CHARLOTTE, N.C. (AP) _ Barbie, the doll with the drop-dead figure and more lives than a whole family of cats, is now doing her part for medical science.

In her 40 years, Barbie has had more than 75 careers, ranging from astronaut to paleontologist. Now, she's become a medical assistant _ of sorts.

It turns out the plastic knee joints in Barbie's long legs make good knuckles in prosthetic fingers.

Jane Bahor, who makes lifelike body parts for amputees at Duke University Medical Center in Durham, has used knees from retired Barbie dolls to make new fingers for about a dozen patients.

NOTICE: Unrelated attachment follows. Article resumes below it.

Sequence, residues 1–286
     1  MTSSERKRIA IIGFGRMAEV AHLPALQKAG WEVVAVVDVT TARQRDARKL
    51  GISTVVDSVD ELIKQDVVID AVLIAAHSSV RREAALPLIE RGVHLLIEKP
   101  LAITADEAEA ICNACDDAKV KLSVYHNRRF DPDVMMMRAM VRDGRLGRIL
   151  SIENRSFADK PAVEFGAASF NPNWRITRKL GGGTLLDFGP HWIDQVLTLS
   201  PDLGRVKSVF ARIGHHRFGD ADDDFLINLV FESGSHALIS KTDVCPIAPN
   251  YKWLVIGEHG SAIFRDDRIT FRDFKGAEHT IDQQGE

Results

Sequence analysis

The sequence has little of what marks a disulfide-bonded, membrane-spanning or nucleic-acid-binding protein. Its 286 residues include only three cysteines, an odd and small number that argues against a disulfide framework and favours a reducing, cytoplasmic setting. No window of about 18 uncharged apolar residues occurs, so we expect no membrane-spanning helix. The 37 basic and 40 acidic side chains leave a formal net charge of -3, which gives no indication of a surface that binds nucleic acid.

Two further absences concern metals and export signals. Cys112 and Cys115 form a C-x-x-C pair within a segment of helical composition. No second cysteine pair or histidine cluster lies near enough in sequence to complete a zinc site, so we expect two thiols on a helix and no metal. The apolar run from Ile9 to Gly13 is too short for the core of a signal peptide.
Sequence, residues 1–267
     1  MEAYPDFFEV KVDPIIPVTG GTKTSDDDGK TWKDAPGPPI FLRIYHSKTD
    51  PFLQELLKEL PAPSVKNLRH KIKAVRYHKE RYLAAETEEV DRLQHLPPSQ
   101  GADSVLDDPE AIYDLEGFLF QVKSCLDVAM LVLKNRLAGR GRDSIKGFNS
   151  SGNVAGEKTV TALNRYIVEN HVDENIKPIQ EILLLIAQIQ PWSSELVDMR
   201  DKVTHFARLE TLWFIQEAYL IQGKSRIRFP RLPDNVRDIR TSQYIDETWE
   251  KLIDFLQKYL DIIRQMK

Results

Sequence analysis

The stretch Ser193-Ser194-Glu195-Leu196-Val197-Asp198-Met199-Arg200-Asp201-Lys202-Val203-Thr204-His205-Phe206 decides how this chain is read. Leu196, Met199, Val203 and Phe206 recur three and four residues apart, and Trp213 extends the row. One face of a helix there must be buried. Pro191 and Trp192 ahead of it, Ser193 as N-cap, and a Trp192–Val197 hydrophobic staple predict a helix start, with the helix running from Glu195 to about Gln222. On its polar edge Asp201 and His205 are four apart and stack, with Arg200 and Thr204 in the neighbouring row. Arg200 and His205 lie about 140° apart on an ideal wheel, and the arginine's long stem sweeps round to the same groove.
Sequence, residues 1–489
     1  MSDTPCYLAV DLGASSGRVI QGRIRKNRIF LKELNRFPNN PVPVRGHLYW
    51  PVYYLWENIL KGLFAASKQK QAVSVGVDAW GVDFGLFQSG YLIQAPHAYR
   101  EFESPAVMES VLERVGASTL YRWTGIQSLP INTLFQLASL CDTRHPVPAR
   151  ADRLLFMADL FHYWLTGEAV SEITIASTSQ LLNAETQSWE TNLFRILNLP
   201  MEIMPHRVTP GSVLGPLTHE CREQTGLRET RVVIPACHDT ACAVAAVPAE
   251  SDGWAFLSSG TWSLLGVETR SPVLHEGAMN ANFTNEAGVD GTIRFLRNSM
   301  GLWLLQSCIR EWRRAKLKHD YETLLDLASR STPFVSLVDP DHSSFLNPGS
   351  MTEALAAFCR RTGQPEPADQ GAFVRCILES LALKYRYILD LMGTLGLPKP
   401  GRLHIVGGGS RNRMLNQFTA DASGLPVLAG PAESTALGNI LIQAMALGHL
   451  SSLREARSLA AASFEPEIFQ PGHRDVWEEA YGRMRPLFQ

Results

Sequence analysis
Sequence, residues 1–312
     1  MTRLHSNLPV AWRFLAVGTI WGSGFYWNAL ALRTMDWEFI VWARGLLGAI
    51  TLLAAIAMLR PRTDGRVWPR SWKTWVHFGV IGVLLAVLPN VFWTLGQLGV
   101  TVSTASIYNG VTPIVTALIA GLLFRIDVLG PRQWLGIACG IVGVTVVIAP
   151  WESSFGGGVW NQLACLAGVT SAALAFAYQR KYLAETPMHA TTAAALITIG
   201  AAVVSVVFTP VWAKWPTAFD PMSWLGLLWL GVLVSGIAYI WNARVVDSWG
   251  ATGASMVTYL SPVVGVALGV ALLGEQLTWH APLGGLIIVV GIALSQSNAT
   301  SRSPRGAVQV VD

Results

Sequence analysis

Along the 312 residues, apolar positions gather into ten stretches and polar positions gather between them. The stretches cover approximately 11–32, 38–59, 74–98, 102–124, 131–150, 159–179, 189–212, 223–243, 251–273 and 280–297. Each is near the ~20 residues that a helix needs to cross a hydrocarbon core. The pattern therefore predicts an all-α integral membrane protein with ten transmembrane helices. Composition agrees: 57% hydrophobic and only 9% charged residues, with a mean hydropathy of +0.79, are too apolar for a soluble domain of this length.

``She's made her cultural contribution, now she can make a medical contribution,'' Bahor said of Mattel's popular doll.

Bahor and a patient, Jennifer Jordan, then a North Carolina State University engineering student, came up with the idea three years ago while discussing how to make Jordan's prosthetic finger more realistic and useful.

Last fall, when Bahor thought the idea was really going to work, she called Mattel and asked to buy some knee joints. Mattel was so impressed that it sent Bahor a bag full of parts _ free.

Wearers of the fake fingers bend them in the same way they would bend Barbie's leg. They can use their other hand to bend the joint, as if cracking the knuckle. Just like Barbie's legs, the fingers stay bent until the owner straightens them.

Being able to bend prosthetic fingers makes it easier for an amputee to hold a pen, pick up a cup or grip the steering wheel.

``Just a simple thing like that is an enhancement,'' Bahor said.